In chapter three, Options for change, argues that most therapeutic modalities have some variant of the techniques of NLP interventions. Bolstad divides NLP interventions into 10 general categories: anchoring, installing new strategies, changing submodalities, working in trance, integrating parts, timeline changes, linguistic reframing, changing interpersonal dynamics, changing physiological contexts, and assigning. of homework. Give examples of the use of these types of intervention and then describe how these processes are evident in other models of psychotherapy. This part of the book was both provocative and inclusive and left me wanting more of this helpful style of analysis. He highlighted how change work can be understood from various modalities using NLP as an explanatory model. This book illustrates what many NLP therapists already know, “NLP” is evident in what therapists do, whether they call it NLP or not. Provides information to help therapists trained in other systems begin to see “NLP” in what they do.
Chapter Four, the last major section of the book, introduces the SORT OUT model. The model is an informed NLP framework for the psychotherapy process. Although central ideas (such as presuppositions) and skill sets (such as relationship building skills) come from NLP, it is clear how their model would be useful to therapists even if they do not use NLP change processes per se. I know. SORT OUT is an acronym with each letter corresponding to a part of the model. Letters denote the following: “R” denotes the Ingenious state the therapist must generate in himself to work in the most effective way with the client. “E” denotes Set report. “S” is Specify the result, pointing out that establishing a well-formed outcome is a central NLP premise for change work. “O” is Open [the client’s] world model. In a way, this is an intervention, but also a preparatory task, testing your commitment to change. “L” in the RESOLVE model is Leading to the desired state. It is a specific change intervention or process designed to achieve the specified result. “Screw Check change. “E” is Ecological outlet. He discussed each component of the model in detail and continued to make connections and place his ideas in the context of the broader field of psychotherapy. The concepts Bolstad decided to explain and explore were also very useful, practical and compelling.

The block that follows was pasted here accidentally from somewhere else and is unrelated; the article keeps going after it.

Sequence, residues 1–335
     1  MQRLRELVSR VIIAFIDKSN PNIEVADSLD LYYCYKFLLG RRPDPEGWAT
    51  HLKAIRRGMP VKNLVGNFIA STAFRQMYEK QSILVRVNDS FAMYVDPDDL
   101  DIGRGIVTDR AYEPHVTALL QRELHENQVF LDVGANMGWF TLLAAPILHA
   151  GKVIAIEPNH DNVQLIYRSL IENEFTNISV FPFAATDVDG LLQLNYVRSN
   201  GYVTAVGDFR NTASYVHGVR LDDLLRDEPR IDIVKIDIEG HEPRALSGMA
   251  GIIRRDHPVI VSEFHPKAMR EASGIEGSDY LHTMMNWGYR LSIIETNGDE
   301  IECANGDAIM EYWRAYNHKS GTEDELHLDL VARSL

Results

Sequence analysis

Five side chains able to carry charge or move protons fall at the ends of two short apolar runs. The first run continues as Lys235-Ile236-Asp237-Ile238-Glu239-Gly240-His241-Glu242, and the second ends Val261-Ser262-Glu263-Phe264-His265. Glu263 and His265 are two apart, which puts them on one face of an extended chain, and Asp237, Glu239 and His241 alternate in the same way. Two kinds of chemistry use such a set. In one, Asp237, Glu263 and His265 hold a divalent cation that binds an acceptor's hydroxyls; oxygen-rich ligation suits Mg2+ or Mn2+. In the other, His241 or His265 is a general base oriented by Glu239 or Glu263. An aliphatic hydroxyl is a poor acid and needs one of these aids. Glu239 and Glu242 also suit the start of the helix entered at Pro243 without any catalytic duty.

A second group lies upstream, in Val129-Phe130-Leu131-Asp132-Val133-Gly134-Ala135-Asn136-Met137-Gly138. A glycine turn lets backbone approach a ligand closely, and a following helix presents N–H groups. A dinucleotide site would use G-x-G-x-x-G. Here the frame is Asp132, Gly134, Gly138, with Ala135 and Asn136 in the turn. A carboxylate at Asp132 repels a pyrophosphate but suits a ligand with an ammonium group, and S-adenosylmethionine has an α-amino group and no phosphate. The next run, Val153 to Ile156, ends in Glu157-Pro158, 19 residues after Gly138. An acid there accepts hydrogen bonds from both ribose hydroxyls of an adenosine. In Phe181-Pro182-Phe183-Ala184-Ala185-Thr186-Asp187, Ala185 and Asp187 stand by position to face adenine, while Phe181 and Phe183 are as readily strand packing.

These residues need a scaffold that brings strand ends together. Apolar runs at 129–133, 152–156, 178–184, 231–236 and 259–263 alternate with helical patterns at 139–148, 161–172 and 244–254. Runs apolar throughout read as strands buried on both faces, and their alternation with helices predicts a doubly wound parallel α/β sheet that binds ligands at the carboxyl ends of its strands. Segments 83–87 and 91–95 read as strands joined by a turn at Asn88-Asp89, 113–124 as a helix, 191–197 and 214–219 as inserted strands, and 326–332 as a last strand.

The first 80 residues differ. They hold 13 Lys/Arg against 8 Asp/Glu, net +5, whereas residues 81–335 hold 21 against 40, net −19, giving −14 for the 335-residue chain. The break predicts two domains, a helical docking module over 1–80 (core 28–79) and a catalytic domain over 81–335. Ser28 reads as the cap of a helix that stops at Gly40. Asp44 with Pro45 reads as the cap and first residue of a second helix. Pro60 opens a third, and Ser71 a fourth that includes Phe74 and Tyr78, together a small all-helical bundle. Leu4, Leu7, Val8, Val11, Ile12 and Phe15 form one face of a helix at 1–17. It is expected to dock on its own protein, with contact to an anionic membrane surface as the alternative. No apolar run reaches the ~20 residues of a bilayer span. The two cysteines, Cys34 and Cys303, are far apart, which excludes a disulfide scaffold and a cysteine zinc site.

In the book, Bolstad also makes several points that differentiate NLP techniques from a broader view of NLP in the context of psychotherapy. For example, he points out that NLP techniques are not simply tools to use; they are tools that require context to be most effective. Specifically, he notes that “for a person new to NLP, it is tempting to think of ‘leading’ as the true process of NLP change. In fact, each step of the RESOLVE model is equally significant in achieving change. they overlap and reinforce each other, forming a system that dramatically increases the chances of success. “
Another point that he analyzes is that a frequent criticism about NLP and psychotherapy is that NLP does not understand the importance of the therapeutic relationship. Bolstad argues that, on the contrary, NLP psychotherapy is grounded in a new and innovative framing of this relationship. It is more “educational and consultative” than therapeutic in the traditional sense. He believes that the way the NLP practitioner structures this relationship is one of NLP’s most original contributions to therapeutic theory. It points out the importance of this relationship to facilitate the effectiveness of the change processes themselves.
In short, this book is awesome. Bolstad’s RESOLVE model is one way of formulating the integration of NLP in psychotherapy and it is very well done. Your supportive quotes and your reasoning are equally valuable. It is essentially structured like a textbook, packed with references. In his introductory chapter he notes that if you want to know the research behind what you are doing, rather than a simple introduction to NLP, “this book will provide you with those additional pieces.” The book fulfills this promise. It’s packed with helpful information, explanations, and ideas to consider. Psychotherapists, NLP practitioners and trainers, and researchers should read this book.